Abstract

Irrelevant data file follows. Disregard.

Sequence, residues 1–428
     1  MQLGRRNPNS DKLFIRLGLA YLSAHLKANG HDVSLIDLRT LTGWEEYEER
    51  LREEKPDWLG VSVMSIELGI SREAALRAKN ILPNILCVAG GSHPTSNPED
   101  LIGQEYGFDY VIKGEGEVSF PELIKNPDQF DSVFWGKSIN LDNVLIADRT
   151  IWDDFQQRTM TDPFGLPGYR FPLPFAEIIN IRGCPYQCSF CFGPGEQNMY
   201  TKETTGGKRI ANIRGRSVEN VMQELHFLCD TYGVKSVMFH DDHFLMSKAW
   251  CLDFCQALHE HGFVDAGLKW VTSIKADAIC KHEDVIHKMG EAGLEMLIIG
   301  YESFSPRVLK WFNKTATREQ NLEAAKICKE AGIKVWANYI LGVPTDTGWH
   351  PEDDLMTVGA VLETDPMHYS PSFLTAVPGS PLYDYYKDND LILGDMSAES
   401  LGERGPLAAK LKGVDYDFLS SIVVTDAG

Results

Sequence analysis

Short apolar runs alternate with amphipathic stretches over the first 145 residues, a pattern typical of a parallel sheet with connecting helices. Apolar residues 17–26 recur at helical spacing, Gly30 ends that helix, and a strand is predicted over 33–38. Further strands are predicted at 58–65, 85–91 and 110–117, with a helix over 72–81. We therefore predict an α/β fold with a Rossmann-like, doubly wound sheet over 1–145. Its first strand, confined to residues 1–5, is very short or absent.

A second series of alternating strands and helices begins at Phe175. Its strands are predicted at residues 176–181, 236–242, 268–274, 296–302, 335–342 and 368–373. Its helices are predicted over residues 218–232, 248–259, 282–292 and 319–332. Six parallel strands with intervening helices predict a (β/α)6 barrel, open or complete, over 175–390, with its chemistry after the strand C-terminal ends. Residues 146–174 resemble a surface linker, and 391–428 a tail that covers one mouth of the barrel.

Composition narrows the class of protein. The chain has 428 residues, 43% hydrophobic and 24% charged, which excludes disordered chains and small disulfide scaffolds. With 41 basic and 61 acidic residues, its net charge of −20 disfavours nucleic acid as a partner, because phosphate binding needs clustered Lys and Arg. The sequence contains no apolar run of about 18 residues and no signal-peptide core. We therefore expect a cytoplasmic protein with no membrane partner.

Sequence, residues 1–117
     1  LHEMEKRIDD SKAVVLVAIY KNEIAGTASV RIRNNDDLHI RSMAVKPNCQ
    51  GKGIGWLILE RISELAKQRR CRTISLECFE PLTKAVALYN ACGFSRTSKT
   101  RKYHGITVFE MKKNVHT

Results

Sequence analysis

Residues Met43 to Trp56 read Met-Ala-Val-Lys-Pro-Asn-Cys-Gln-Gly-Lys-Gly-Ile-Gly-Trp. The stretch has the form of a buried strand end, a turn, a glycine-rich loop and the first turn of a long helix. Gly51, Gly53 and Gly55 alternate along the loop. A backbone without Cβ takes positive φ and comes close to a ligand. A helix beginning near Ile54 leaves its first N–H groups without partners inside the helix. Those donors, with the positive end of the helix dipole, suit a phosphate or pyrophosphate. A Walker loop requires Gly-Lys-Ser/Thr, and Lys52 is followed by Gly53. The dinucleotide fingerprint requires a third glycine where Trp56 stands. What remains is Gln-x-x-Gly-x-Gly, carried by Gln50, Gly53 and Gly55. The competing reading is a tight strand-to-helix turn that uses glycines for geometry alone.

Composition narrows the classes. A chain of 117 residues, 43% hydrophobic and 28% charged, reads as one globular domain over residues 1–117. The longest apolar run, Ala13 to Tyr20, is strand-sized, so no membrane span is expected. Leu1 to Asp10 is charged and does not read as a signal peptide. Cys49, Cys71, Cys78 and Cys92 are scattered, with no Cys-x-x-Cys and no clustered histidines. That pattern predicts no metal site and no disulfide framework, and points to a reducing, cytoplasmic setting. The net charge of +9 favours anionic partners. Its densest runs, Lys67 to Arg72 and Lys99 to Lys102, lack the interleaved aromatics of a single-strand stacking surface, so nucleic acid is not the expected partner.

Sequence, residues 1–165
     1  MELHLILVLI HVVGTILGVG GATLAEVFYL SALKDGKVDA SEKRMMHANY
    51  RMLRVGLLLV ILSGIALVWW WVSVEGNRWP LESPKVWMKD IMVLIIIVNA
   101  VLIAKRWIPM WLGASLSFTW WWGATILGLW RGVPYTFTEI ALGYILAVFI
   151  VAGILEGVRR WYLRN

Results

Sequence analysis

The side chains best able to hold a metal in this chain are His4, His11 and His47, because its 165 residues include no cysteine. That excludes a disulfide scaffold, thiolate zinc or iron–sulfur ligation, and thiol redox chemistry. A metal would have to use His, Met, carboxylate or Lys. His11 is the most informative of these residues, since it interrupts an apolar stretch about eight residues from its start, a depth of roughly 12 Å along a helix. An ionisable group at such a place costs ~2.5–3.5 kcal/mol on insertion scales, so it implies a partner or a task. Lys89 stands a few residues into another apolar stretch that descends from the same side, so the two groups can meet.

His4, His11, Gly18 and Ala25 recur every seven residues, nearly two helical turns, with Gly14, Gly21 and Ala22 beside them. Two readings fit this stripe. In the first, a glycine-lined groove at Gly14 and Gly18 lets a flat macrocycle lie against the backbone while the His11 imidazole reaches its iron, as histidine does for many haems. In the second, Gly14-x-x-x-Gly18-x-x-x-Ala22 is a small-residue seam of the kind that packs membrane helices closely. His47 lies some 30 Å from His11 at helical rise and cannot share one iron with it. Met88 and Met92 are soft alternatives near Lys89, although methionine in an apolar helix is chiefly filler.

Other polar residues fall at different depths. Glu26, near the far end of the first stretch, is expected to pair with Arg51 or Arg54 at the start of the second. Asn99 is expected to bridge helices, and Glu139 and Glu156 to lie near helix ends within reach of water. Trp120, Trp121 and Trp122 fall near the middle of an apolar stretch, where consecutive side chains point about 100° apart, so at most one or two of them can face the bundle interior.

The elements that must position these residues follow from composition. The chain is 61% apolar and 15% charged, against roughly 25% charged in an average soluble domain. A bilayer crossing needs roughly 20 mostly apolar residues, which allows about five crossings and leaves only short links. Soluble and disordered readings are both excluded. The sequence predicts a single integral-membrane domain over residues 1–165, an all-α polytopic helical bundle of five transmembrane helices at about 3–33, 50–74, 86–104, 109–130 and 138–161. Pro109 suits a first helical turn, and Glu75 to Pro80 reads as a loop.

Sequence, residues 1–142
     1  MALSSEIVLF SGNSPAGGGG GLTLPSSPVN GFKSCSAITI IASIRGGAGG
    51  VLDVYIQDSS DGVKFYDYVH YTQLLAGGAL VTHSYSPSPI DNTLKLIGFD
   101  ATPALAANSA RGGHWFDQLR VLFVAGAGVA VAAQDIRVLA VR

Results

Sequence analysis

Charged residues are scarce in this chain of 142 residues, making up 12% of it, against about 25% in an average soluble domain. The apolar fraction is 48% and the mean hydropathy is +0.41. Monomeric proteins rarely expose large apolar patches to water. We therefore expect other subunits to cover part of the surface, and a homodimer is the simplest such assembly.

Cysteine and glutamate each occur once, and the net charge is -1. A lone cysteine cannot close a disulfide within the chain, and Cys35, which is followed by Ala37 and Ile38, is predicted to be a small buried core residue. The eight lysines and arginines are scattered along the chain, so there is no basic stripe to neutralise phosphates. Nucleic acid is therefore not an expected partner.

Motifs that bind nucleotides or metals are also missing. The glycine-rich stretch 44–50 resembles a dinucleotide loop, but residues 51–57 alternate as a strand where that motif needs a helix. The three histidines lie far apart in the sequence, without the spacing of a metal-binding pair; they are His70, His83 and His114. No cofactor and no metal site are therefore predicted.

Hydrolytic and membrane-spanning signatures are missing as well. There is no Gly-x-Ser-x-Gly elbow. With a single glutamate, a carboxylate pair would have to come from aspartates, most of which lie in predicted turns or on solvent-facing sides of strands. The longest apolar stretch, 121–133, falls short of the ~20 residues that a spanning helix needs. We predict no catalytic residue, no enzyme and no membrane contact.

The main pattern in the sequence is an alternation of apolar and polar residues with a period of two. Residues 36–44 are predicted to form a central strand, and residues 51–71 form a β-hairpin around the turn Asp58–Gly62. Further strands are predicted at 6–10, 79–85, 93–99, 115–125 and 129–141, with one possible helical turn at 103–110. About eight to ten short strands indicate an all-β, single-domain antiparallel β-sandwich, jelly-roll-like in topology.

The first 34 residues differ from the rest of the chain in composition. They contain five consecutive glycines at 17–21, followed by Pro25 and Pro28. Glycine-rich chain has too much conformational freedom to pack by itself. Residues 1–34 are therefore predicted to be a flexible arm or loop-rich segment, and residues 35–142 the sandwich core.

Two series of experiments were performed in a lucite flume 5 meters long, 50 cm deep, and 15.4 cm wide. In the first series saline density currents were formed by pumping salt solutions at constant discharge into the tilted flume. In the second series, the flume was horizontal and turbidity currents were formed by the releasing of suspensions of plastic beads from a box at one end.In both series of experiments a characteristic head was formed at the front of the flow. It was found that the motion of the head in the turbidity current experiments was closely described by laws developed by Keulegan (1958) for saline surges, and it is concluded that certain aspects of the motion of turbidity current heads can be investigated indirectly by means of experiments on density currents formed from clay suspensions or salt solutions.The salt-solution experiments were designed to investigate the effect of bottom slope on the motion of density current heads. It was found that the velocity of density (and by inference, turbidity) current heads on slopes up to 4% is adequately expressed by Keulegan's formulagraphicwhere v is the velocity of the head, Δρ is the difference between the density of the current (ρ) and that of the overlying water, d2 is the thickness of the head, and g is the acceleration due to gravity. The numerical coefficient is approximately constant, but may increase slightly with increase in slope. The form of the equation differs greatly from that of the Chézy equation which has previously been used for the analysis of the movement of turbidity currents.Observations were also made regarding the shape of the head and the motion within and in front of the head.

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